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Iraq: War Could Bring New Uncertainties To Oil Market

  • Charles Recknagel

The war in Iraq will take place in the heart of the world's most important oil region and will directly affect two oil-producing states: Iraq and Kuwait. That raises fears that the war could cause an immediate surge in oil prices, among other disruptions to the global oil market. In this report from Kuwait City, RFE/RL correspondent Charles Recknagel looks at the oil stakes in the coming conflict.

Kuwait City, 19 March 2003 (RFE/RL) -- With a U.S.-led attack on Iraq likely just hours away, one of the first casualties of the impending conflict has been Iraq's oil exports.

Exports under the UN-approved "oil-for-food" program all but ended two days ago as shipping insurance companies declared a moratorium on coverage for tankers visiting Iraq's Persian Gulf terminals. The UN announced its suspension of the oil-for-food program on 17 March as part of an order to evacuate all of its staff from Iraq prior to any war.

The cut-off of Iraq's legal exports -- combined with uncertainty over how long a war will last and how much the fighting may damage Iraqi oil fields -- could fuel higher oil prices as nervous traders bid for supplies to make up the shortfall. Iraq's exports under the oil-for-food program averaged 1.7 million barrels per day last month. Baghdad is also estimated to routinely smuggle some 300,000 barrels per day to Syria, Jordan, and Turkey.

Oil experts differ on how much prices may now jump. Some analysts have predicted a surge of $5 to $6 a barrel, up from this week's price of some $33. Prices at $35 to $40 a barrel would be an additional burden for industries like airlines and automakers and put further strains on the world economy, which already is suffering from a prolonged downturn.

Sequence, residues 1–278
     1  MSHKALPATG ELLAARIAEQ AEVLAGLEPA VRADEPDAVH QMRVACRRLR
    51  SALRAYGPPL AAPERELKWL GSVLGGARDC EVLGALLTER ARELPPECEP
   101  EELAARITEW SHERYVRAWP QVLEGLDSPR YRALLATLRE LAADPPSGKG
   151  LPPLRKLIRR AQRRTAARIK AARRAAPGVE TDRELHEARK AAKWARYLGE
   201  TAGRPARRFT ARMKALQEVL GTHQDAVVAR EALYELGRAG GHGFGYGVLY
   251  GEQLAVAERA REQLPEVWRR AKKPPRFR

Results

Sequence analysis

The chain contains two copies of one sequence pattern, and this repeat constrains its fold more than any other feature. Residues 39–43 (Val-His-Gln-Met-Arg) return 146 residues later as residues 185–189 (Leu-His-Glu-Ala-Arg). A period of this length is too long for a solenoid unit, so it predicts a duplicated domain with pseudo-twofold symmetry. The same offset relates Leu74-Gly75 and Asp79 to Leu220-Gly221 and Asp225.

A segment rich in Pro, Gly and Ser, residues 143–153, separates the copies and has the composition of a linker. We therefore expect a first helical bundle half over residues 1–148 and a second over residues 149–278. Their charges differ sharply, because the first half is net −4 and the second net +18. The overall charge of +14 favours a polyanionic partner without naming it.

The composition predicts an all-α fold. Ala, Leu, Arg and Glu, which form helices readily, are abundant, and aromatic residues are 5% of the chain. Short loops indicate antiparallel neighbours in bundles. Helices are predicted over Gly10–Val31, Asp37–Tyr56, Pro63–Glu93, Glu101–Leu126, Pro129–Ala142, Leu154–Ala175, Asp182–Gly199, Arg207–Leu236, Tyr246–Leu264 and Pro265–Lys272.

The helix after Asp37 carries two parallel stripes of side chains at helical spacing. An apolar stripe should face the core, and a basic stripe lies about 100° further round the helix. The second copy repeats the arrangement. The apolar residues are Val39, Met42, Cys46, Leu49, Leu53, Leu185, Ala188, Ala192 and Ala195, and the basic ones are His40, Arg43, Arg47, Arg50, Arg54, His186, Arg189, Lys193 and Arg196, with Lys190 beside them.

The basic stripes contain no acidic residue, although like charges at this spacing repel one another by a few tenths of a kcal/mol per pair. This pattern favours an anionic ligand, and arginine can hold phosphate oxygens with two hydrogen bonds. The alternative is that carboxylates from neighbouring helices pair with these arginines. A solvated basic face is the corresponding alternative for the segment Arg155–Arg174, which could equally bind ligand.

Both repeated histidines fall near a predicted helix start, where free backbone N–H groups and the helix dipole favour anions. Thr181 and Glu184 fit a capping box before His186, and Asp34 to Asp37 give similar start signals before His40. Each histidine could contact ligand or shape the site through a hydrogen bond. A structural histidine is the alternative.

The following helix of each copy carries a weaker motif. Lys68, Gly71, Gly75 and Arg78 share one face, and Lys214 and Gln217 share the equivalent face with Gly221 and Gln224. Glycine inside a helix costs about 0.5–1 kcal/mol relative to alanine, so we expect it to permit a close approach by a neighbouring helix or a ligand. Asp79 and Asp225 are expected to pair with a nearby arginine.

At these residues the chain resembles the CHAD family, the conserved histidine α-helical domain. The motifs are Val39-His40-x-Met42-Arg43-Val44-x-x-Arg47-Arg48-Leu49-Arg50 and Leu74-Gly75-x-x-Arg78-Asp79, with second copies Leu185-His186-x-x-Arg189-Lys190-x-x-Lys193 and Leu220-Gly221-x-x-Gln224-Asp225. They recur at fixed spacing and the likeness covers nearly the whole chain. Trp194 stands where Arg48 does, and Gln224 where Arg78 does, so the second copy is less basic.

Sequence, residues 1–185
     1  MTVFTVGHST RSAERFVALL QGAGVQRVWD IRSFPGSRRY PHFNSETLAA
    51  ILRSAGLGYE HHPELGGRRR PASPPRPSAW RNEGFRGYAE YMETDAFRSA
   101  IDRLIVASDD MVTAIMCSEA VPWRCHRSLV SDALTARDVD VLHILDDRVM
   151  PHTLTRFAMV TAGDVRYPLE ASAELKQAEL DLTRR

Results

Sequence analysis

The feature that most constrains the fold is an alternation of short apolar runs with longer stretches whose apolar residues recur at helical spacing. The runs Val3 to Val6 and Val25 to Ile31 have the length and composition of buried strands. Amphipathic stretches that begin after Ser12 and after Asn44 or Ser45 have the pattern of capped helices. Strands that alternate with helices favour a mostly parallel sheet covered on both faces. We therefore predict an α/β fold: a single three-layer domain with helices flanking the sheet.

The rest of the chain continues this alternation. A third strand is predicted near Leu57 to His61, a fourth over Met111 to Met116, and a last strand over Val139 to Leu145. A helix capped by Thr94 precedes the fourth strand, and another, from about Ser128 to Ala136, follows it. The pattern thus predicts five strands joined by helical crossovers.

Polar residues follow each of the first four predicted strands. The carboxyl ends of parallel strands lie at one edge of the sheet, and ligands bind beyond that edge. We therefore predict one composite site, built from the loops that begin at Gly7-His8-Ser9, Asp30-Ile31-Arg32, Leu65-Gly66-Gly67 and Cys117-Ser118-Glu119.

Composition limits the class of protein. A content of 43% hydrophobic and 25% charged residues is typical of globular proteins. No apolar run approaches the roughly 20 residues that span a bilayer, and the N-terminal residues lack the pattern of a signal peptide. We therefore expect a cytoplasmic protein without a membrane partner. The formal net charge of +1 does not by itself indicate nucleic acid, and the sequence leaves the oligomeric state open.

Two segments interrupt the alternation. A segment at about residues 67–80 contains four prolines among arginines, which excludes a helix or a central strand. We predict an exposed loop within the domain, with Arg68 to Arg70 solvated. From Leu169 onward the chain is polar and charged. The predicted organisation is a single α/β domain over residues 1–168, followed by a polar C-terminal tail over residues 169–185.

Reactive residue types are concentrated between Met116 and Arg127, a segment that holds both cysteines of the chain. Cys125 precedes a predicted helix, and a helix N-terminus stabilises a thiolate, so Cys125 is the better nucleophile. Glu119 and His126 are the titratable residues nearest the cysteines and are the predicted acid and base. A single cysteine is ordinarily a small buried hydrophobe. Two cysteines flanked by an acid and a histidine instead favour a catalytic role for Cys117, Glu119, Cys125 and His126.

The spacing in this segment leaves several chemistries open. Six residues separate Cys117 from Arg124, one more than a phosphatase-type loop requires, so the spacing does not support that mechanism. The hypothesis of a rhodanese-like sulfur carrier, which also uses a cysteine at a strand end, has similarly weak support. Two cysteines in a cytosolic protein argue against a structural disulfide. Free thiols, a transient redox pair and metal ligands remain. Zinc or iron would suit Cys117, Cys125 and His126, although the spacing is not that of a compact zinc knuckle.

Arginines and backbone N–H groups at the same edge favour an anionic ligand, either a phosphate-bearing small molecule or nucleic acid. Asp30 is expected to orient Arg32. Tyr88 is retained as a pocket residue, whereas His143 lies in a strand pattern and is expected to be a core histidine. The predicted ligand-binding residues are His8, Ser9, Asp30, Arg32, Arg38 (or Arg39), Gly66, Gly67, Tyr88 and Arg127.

But other analysts believe any jump could be modest. They say today's oil prices already reflect the market's worries about supplies and that the actual onset of the war -- plus prospects for a quick U.S. victory -- may now begin easing trader tension. In one sign of what might happen, oil prices dipped to their lowest level for three months yesterday after U.S. President George W. Bush gave Iraqi President Saddam Hussein 48 hours to leave the country or face invasion.

Yet oil prices are considered almost certain to jump if the war with Baghdad causes any disruption of exports from neighboring states. The most vulnerable of these is Kuwait, whose northern oil fields are close to the Iraqi border. Kuwait's southern oil fields, like the major oil fields of Saudi Arabia and Iran, are generally considered outside the zone of conflict.

Due to fears of Iraqi missile attacks, Kuwait already has closed two of its northern oil wells, losing a total of about 35,000 barrels per day. The emirate has said it will close all of its northern oil wells if necessary, even though that would reduce its national oil production by 18 percent.

Shaykh Ahmad al-Fahed al-Jaber al-Sabah, Kuwait's information minister and acting oil minister, described the emirate's policy this way to reporters earlier this week: "Kuwait will continue with its production of oil at full capacity. Now we are between 2.3 and 2.4 [million barrels per day]. We will continue with our production even if it is necessary to close our northern wells. And if we speak about [closing] those wells in the north, that means we will continue with our capacity at 1.9 million barrels per day."

The oil minister also said that Kuwait and other members of the Organization of Petroleum Exporting Countries (OPEC) will increase production to make up for any shortfalls due to war. He said the producers' goal is to keep prices at less than $35 a barrel during the crisis. "I think that with the production here and [that of] our OPEC colleagues will always be within the average of the supplies [currently] on the market, and we will make sure there will be no shortage in the market. And we even believe the prices will be stable at $35 [a barrel] and below," al-Sabah said.

Oil analysts say that OPEC members other than Iraq have about 6 million barrels per day of unused production capacity from which to make up for the loss of Iraqi or any Kuwaiti oil. Half that excess capacity is in Saudi Arabia, with most of the rest in Kuwait and the United Arab Emirates. Non-OPEC member Russia is also considered likely to increase its exports in an effort to expand its market share.

But as OPEC states reassure the market that they will dampen any price spikes, it is far from clear how the cartel will ultimately respond to the Iraq oil crisis as it continues over the next several years.